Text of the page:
The song: “Build and Destroy'”
The producer: Kenny Parker
The science: For a crew with the word “productions” right there in its name, Boogie Down Productions doesn’t get talked about too much when we get to listing the best producers or the best beats or what have you. That’s understandable when the real driving force of BDP is arguable the greatest rapper of all time, KRS-One, but still, the beats on those BDP albums don’t get talked about too much (save Criminal Minded because of the whole Ced-Gee-jacking-Marley-Marl’s-reel-of-drum-sounds business), which is kind of a shame.
While KRS isn’t afraid to dabble outside the margins a bit–witness his early embrace of reggae and even his dip into ska loops for “Edutainment”–his heart clearly lies with that good ol’ boom-bap. And when it came time for KRS to fire back at X-Clan for all of Brother J’s Blastmaster-targeting quips, he did so on top of a boom-bap monster of a track crafted by Kenny Parker. The result: The heavy-hitting “Build and Destroy” off what would turn out to be the last official BDP album, 1992’s Sex and Violence.
For that molasses-thick bassline and the shrieky organ tone, Kenny turned to Gary Byrd’s “Every Brother Ain’t a Brother.”
Of course, only Kenny and KRS can speak to whether that song was sampled just based off the title, but when engaging in this philosophical battle with a Black Nationalist rapper who called himself Brother J, KRS must have known that delivering his shots over snippets of a track called “Every Brother Ain’t a Brother” would make the song hit his target even harder than just the lyrics alone. “Sit back and take heed, brother, you must learn,” Brother J had said in X-Clan’s “Grand Verbalizer, What Time Is It.” In retort, KRS reminds Brother J that every Brother ain’t a brother simply via sampling choice. Ouch.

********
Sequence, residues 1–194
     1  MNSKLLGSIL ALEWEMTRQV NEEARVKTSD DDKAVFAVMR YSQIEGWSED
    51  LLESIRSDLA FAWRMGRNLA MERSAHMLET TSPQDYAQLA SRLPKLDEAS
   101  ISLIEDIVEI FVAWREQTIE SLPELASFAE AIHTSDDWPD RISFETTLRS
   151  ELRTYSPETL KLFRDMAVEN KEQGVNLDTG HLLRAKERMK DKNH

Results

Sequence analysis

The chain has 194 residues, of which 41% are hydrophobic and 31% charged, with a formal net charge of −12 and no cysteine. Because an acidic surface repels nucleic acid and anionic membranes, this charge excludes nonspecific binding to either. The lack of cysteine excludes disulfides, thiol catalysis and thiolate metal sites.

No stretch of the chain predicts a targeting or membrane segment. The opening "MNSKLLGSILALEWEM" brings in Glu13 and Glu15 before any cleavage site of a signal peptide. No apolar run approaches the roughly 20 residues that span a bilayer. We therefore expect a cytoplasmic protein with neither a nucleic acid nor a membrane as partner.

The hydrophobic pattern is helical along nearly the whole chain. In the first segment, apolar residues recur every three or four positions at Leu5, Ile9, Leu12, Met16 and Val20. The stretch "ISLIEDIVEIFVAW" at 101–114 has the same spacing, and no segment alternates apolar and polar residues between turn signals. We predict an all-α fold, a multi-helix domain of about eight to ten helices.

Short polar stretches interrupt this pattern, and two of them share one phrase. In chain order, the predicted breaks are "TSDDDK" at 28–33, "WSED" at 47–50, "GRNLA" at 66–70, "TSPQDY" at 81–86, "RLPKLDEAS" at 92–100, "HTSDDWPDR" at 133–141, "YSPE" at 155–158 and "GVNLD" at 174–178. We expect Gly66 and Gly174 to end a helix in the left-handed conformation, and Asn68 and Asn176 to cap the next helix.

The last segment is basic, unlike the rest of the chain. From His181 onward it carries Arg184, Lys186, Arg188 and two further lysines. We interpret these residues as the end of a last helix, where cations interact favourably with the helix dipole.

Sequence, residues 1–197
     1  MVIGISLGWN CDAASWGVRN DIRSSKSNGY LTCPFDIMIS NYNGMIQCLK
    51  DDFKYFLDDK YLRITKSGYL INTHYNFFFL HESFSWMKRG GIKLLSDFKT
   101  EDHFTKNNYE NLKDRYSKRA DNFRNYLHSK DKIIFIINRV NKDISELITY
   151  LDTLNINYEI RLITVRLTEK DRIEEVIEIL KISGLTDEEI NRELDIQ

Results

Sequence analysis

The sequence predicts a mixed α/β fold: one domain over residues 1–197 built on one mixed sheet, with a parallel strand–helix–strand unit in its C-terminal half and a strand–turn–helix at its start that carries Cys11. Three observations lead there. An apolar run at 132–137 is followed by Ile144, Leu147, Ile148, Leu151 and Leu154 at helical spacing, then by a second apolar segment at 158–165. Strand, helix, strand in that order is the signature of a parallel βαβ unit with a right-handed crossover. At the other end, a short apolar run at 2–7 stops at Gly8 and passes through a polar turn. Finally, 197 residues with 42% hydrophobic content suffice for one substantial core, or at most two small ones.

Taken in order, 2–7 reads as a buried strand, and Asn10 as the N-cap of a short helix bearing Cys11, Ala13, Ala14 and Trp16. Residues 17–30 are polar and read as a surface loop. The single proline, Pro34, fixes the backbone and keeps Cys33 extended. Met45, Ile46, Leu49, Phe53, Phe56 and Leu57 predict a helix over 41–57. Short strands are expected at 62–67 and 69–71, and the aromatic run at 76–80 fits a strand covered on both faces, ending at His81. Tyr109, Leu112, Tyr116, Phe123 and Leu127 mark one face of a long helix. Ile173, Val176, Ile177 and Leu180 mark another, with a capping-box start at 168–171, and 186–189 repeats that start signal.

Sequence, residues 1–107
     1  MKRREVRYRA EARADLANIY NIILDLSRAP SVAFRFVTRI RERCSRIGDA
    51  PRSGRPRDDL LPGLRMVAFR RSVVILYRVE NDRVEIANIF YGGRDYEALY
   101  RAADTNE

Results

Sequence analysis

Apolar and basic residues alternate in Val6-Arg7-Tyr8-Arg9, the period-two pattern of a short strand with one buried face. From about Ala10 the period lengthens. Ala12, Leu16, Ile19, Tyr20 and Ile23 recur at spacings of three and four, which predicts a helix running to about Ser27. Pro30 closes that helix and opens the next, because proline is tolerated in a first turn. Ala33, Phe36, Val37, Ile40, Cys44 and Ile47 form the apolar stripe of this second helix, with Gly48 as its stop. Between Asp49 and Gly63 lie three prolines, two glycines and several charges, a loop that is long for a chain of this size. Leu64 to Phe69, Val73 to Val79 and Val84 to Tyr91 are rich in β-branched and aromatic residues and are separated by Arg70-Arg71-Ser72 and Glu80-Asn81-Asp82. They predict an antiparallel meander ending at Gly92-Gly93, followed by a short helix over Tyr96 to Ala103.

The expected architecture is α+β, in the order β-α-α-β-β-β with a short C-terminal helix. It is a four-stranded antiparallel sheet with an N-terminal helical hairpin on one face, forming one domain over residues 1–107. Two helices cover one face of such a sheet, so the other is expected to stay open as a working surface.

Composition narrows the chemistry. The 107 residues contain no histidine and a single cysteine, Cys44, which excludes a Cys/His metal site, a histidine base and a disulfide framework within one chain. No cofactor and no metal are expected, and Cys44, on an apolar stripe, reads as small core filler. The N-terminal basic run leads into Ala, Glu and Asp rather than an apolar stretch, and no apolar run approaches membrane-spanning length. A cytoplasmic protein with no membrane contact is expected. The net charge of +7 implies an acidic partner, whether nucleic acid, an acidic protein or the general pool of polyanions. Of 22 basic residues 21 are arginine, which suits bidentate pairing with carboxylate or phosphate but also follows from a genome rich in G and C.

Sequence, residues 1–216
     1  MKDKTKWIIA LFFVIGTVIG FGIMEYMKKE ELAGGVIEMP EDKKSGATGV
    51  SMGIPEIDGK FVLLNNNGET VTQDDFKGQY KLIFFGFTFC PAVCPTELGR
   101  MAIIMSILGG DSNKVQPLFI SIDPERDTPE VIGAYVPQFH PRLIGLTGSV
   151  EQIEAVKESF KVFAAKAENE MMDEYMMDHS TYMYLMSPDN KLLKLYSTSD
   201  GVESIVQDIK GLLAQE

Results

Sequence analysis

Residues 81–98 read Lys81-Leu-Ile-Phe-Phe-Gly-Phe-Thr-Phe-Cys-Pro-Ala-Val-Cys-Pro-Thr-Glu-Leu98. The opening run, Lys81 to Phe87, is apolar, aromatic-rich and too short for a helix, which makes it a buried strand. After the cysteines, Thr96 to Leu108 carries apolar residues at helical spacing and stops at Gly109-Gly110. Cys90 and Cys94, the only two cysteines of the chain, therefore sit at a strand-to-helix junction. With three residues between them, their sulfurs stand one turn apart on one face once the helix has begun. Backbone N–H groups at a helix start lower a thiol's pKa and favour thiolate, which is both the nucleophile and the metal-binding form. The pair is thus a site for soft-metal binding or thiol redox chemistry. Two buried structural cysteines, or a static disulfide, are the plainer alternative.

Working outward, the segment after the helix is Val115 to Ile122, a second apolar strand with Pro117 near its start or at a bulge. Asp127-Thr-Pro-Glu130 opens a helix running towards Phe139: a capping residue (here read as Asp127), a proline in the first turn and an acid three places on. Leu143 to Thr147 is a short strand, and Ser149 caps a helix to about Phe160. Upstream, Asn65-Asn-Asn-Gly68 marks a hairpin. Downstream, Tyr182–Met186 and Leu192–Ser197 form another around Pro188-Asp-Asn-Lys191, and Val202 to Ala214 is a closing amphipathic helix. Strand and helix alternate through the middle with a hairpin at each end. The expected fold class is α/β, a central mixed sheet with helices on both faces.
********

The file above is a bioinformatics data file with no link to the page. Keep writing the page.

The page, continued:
And that’s not even getting into the lyrics, which are a pretty thorough evisceration of a rapper who also happens to be one of my all-time favorites…but that’s a topic for another time.
Back to the beat: If sampling “Every Brother Ain’t a Brother” had just been a little title trickery and cleverness in service of a weak beat, that would ultimately be a letdown. Fortunately, Gary Byrd’s track delivers a great groove; all it needed were those heavy drums that Kenny locked in, and you’ve got a punishing beat just waiting for equally punishing rhymes.
And Kenny did a great job putting it all together, starting out by slowing the record down and filtering the bassline so he could have it play without that organ tone on top. Beyond that, he chopped up the bassline so that he could just have the first note stab on the one, then leave the rest of the bar empty, except for those drums. When he does let the entire one-bar bassline loop go, it gives the track renewed energy. Plus, the filtering strategy let Kenny isolate the organ tone, which he frequently uses without the bassline underneath. Just by having various permutations of organ tone playing or not playing/full bassline loop/just bass stab/no bassline, Kenny is able to keep the beat interesting–simple but effective arrangement.
As an interesting side note, an instrumental version of “Every Brother Ain’t a Brother” was later released by Joe Thomas.
It’s the same groove, just a longer song.